Brought to you by FORMiT


Introduction - The Tool

This project is about creating an open source tool for making objects from paper pulp. These instructions offer a starting point for those of you who wish to get involved as well as an inspiration for those wishing to improve, develop and use the design.

The following step by step guide will help you through the process of building the FORMiT tool. Further pages on this site such as mould and pulp take you through the process of creating a mould for your tool and forming some paper objects.

This version of the FORMiT tool is designed to be made with hand tools, however, power tools will speed up the process.


FORMiT Build Tools

Tools & Materials


  • Plywood 600x800x9mm
  • Wood screws - 25mm, 16mm
  • Pipe fittings - Solvent Weld Tank Connector 42mm, Solvent Weld Swivel Bends - 92.1/2° 42mm
  • Danish oil - 250mm
  • Double sided sticky tape
  • Suprglue


  • Timber saw
  • Jigsaw
  • Screwdriver
  • Wood filles
  • Sandpaper 120 grit
  • 10mm & 2mm drill bits
  • 50mm forstner bit or hole saw
  • drill
  • 1.5mm countersink bit
  • Cutting path downloads:





Cutting out the plywood panels

Part 1 outlines the process of cutting out the different plywood pieces of the FORMiT tool. If you are lucky this part can be as simple as pressing print on your CNC router, in this case, download the DXF file in the tools list. However, if you only have limited tools the following instructions will show you how to cut these pieces with hand tools.

Spray mount

Section 1 - Printing sticking cutting paths

Start by printing the cutting path PDFs found in the tool list, these are in A4 and A3 depending on the printer you have access to. Some sections of the A4 printouts will need piecing together, this will be indicated on the print out. Once printed, spray mount and stick these cutting paths onto your 9mm plywood, lining up the edges of the plywood and cutting paths.

Straight cut

Subsection 2 - Cutting the plywood

All the straight edges of the pieces should be cut first, the easiest way of doing this is using a table saw or band saw. If you do not have access to these tools, clamp a square length of timber along the edge you wish to cut, use the timber as a guide for a hand saw to cut straight. These edges can be squared up and finished later.

Counter sinking

Now all the straight edges are cut, some of the pieces will be done such as the inner panels and cross pieces. However, for the remaining pieces, drill the holes marked on the printouts, these will be indicated as pilot holes or as the size of drill bit needed. Prior to drilling, centre mark all the holes as seen in image above.


The cutting path should indicate 10mm drill holes on the outer panels, once these are cut a jigsaw can be used to follow the lines and join up the holes which will removes the unwanted plywood sections as seen in the image above.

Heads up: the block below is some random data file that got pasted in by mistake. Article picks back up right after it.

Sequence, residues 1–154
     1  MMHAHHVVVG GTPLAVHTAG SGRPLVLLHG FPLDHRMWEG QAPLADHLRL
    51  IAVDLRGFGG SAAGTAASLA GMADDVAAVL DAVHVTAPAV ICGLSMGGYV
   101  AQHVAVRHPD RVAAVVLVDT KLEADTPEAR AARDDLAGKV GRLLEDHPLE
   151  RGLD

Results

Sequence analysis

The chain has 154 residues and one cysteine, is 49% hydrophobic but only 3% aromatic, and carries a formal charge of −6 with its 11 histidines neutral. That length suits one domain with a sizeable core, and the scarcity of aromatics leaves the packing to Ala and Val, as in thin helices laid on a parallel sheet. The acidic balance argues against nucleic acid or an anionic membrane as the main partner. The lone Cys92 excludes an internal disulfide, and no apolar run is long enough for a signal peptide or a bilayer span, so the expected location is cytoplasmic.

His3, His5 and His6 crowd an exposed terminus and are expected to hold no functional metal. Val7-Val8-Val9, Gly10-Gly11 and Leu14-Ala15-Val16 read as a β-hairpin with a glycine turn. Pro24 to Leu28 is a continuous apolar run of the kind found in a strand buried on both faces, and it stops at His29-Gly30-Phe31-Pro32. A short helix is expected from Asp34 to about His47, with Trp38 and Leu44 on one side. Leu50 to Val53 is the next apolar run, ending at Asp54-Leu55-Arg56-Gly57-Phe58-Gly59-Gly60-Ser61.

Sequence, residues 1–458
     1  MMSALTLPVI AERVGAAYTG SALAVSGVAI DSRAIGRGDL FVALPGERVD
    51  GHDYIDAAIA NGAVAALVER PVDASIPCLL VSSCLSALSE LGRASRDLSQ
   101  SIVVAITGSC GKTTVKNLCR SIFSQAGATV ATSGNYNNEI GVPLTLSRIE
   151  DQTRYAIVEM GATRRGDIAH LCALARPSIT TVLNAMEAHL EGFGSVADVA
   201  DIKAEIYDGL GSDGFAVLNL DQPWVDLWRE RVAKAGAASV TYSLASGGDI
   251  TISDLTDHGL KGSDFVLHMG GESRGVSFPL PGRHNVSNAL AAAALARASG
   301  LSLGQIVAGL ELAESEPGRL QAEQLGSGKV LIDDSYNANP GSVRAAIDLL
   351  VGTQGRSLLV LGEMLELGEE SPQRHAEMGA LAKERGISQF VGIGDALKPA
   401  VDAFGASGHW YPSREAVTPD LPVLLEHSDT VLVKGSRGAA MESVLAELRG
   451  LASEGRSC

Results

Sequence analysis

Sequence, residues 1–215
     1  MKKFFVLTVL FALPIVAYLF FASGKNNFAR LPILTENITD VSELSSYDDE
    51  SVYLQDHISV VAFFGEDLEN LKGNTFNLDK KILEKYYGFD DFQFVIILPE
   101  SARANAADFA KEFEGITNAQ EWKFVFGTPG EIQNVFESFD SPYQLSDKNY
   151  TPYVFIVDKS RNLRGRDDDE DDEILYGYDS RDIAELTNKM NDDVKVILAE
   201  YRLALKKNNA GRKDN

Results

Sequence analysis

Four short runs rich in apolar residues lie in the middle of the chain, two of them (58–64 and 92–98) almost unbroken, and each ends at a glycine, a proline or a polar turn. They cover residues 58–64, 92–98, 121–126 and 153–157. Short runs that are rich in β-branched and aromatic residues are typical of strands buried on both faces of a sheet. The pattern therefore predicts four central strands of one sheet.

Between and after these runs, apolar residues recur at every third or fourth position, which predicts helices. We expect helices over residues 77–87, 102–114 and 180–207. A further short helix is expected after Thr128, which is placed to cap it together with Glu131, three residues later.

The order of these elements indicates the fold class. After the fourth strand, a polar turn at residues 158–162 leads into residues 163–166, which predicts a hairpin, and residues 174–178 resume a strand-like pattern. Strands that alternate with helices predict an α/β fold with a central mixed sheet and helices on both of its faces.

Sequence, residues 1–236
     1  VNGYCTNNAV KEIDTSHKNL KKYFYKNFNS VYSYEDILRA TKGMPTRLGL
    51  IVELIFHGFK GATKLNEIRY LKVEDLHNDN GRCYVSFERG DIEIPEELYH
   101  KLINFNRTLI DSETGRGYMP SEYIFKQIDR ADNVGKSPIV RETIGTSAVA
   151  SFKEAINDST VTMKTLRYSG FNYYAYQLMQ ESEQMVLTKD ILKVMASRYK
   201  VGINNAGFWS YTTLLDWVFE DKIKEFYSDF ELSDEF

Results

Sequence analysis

For the front and back panels there are two slots to cut into the plywood, the corners of which can be made with a 2mm drill bit as indicated, then cut out with a coping saw. Finally, the base plate is drilled with a 50mm forester bit or hole saw in the centre.



Finishing the plywood panels

Once all the pieces have been cut and drilled they can be finished. All the cut edges should be squared off with wood files. Then all the faces and edges of the plywood should be sanded with 120 grit paper. This process is easier with a palm sander but can still be done by hand with a sanding block.


Now all the pieces are the correct shape and have been sanded smooth, a final finish can be applied. Apply Danish oil to the surface and edges of the plywood with an old rag. Leave the pieces for 15 minutes then apply again, rub down with wire wool or sandpaper between coats. The Danish oil seals the plywood and prevents damage from water, these pieces should be left for 1-2 hours before final assembly.


After all of the pieces have been finished and the Danish oil has dried, the tool can be assembled. The image above shows the name and quantities of all the parts you should have.

Assembly drawing

Dry fit all these using the assembly drawing above and used double sided sticky tape to hold the front and inner panels together. These panels can then be removed and screwed together.


Before assembling the internal panels screw the edging ply to them, the screw holes should line up to match the edging with corresponding panel.

Pre drill

Now all of the panels can be assembled together. Pilot dill all the holes with a 1.5mm drill bit, then follow with 25mm screws.


Making the connector

Making it air tight

The tool at this point will be pretty much finished, just the final touches left. Adding the connection point for the wet and dry vacuum is the next step. Start by piecing the tank connector and 90-degree bend together, this could be glued with PVC weld, however, in most cases the fit will be tight enough not to.

Adding the connector

After assembling the connectors, slot the threaded section though the 50mm hole, add the seal and screw the tank connector on.

Adding seals

The final stage is to add foam on the top of the internal edging. This will create an air seal against any mould when the tool is in use. The foam can be bought from arts/craft stores or online as A4 sheets, one will be enough. Cut the foam to 9mm thick strips and super glue a piece to each side of the internal edges.

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